Immediately, I sat up and took notice because Star Wars was way more spectacular than anything I’d ever seen. Without messing about with credits, we were dropped into a budget-blowing opening sequence of battling spaceships, gun fights and robots. I was used to waiting an hour to see anything half as spectacular as the opening shot of this movie. True, Bond films started with action, and that same year, SPY WHO LOVED ME opened with a stuntman skiing off a cliff under a UNION JACK parachute. But first, I’d had to watch Roger Moore’s smirking eyebrow-dance, his alpine snog-sesh, then a cheesy rear-projected ski chase I’d seen before. Star Wars on the other hand, had an opening sequence unlike anything I’d seen, plus aliens and robots, and had the show-stoppingest, climactic action sequence of the year (with Roger Moore’s wrinkly chest nowhere to be seen.)

Seeing Star Wars for the first time at the age of 13 put me in the demographic sweet-spot it was made for, but I remember how much I did not understand in 1977. For example, the movie starts on two robots, then white-armoured troopers arrive, who I thought were robots too. They were led by (I thought) another black-clad robot, using robot-strength to lift a goodie off the deck and bust his neck. I don’t remember when I learned who was a robot and who was human (from a novelisation, I expect) but I watched the movie that first time none the wiser. Unspectacular details also blew my mind in 1977: Aunt Beru serving Luke’s space-lunch with BLUE MILK (Bantha milk perhaps?) WOW. And when Luke slouches off for his teenage-sulk, he stares at a view of not one but two setting suns. WOAH. (I did teen-sulks that year too, but only had the view of Dad’s compost heap at the bottom of our vegetable garden to pose wistfully with.)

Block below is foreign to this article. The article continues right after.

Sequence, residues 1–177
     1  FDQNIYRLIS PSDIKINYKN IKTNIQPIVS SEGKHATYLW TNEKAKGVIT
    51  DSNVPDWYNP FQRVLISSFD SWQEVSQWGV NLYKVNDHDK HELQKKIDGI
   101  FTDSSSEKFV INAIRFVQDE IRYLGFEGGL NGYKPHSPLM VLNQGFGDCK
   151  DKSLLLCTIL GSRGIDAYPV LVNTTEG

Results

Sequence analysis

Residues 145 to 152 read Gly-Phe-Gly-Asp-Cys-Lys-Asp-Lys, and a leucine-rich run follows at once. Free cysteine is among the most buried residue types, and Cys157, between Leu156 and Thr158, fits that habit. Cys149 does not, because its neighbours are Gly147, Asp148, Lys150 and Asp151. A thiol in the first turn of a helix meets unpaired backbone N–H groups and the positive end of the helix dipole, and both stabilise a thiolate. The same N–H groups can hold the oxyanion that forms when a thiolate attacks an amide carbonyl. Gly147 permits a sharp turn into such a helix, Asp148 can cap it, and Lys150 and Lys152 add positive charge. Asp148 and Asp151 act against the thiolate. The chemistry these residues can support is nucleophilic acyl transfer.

I was floored by Star Wars at 13 years old, but I didn’t see it again before finishing its 1977 run, and in the pre-video age I couldn’t see it whenever I wanted. Thus, for many years, the power of this movie was that it existed largely in my mind, and my life as a day-dreaming fan was under way. I ordered the “Art of Star Wars” book (which eventually fell apart from re-reading) and though I’d already decided on a career in animation, I considered being a movie concept-designer, and drew spaceships and robots in addition to the cartoons I’d drawn for years.